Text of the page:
Professor, Law; Director, Center for Social Justice and Public Service
Phone: (408) 554-5350
This book examines landmark cases establishing women's legal rights, offering accounts of the litigants, history, parties, strategies, and theoretical implications. It will enrich any law school course and can serve as a text for a course on women and the law, gender and law, feminist jurisprudence, or women's studies. This volume utilizes subject areas common to many women and law casebooks: history, constitutional law, reproductive freedom, the workplace, the family, and women in the legal profession. Several chapters explore issues of domestic violence and rape.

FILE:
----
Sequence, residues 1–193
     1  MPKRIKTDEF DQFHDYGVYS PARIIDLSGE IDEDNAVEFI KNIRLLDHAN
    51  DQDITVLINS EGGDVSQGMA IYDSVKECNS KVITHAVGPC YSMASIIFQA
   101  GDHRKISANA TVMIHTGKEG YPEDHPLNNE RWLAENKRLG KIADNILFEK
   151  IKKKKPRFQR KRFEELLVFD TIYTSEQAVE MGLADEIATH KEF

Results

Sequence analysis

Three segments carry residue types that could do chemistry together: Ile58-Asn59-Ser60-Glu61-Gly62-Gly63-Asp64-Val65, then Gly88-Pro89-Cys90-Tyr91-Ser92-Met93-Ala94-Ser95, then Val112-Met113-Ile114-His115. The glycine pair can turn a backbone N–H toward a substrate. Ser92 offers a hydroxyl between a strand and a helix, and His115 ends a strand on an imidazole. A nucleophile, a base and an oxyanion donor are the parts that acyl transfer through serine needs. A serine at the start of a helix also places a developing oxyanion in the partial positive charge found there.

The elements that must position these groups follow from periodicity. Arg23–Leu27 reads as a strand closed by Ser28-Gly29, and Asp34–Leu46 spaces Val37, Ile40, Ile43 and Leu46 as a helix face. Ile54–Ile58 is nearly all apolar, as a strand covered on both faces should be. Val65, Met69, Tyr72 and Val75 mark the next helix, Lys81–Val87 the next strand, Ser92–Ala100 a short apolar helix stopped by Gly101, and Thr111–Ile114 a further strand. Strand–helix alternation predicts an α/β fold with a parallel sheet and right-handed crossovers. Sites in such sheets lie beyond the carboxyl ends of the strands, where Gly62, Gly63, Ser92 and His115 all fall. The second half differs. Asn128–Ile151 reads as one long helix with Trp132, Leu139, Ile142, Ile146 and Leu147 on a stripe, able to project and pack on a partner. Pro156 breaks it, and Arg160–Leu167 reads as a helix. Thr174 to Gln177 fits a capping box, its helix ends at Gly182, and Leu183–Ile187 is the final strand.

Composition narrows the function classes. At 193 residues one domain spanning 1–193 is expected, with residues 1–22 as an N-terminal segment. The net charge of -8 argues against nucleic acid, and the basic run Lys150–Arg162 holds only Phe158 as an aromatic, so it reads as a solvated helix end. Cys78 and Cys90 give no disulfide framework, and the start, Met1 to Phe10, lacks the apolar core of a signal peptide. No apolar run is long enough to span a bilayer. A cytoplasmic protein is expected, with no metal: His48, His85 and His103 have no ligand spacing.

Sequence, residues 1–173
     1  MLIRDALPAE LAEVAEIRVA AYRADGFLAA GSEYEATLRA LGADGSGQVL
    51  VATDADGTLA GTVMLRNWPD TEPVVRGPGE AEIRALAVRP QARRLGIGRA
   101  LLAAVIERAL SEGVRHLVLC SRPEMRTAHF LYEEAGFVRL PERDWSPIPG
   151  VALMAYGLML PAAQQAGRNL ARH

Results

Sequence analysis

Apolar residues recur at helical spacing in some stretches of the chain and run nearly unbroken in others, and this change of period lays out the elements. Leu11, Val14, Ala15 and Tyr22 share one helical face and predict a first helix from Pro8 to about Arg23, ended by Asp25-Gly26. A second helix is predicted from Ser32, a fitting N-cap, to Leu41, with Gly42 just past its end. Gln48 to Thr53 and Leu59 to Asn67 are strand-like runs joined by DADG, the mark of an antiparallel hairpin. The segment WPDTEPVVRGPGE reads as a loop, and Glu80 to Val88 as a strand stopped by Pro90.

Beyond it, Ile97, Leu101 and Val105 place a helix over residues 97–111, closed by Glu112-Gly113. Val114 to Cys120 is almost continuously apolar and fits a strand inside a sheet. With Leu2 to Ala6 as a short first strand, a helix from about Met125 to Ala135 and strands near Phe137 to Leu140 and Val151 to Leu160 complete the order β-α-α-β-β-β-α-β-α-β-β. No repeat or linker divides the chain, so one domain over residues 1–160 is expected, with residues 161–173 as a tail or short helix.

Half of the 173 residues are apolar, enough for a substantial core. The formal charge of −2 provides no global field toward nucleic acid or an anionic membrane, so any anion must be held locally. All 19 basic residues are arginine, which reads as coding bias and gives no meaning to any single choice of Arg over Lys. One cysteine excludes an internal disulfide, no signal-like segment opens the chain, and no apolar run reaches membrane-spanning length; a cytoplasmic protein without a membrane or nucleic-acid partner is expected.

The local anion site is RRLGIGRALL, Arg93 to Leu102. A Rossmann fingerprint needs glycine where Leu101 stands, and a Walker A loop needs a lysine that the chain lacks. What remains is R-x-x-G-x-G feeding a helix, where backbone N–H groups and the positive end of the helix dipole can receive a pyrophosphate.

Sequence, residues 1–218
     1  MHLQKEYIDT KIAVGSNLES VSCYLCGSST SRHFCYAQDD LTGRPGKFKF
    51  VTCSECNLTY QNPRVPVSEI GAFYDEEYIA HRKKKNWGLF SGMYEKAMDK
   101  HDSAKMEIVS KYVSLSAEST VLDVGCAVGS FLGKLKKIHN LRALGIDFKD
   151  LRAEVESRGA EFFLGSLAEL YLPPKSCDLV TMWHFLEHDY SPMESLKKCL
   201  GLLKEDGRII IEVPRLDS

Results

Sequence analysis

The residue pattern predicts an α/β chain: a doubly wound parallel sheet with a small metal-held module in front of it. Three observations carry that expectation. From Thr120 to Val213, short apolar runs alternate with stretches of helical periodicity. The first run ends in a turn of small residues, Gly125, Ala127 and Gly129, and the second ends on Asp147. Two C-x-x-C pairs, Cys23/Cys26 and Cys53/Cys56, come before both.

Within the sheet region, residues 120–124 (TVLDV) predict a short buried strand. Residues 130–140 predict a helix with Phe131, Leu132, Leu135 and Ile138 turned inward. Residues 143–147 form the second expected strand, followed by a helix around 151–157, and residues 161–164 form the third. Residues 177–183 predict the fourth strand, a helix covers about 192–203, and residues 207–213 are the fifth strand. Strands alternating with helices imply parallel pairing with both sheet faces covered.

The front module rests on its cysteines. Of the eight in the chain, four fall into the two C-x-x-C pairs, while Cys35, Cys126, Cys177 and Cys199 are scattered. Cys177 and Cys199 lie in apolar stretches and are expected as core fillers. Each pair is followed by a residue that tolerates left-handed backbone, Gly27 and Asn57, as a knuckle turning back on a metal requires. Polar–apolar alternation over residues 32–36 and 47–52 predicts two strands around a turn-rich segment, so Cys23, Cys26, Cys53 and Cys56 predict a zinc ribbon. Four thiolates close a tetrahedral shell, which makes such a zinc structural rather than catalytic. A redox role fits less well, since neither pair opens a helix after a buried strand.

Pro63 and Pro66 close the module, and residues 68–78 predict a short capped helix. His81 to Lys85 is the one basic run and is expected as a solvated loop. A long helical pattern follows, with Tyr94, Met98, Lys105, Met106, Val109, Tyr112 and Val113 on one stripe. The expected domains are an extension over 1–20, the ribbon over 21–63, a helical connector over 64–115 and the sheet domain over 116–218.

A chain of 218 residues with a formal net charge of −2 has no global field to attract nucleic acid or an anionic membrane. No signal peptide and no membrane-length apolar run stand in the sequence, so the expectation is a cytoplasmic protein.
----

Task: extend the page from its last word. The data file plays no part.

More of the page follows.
How Invisible Preference Undermines America
Affirmative action remains a hotly contested issue on our political landscape, yet the institutionalized systems of privilege which uphold the status quo remain unchallenged. Many Americans who advocate a merit-based, race-free worldview do not acknowledge the systems of privilege which benefit them. For example, many Americans rely on a social and sometimes even financial inheritance from previous generations. This inheritance, unlikely to be forthcoming if one's ancestors were slaves, privileges whiteness, maleness, and heterosexuality. In this important volume, scholars positioned differently with respect to white privilege examine how privilege of all forms manifests itself and how we can, and must, be aware of invisible privilege in our daily lives. Individual chapters focus on language, the workplace, the implications of comparing racism and sexism, race-based housing privilege, the dream of diversity and the cycle of exclusion, the rule of law and invisible systems of privilege, and the power of law to transform society.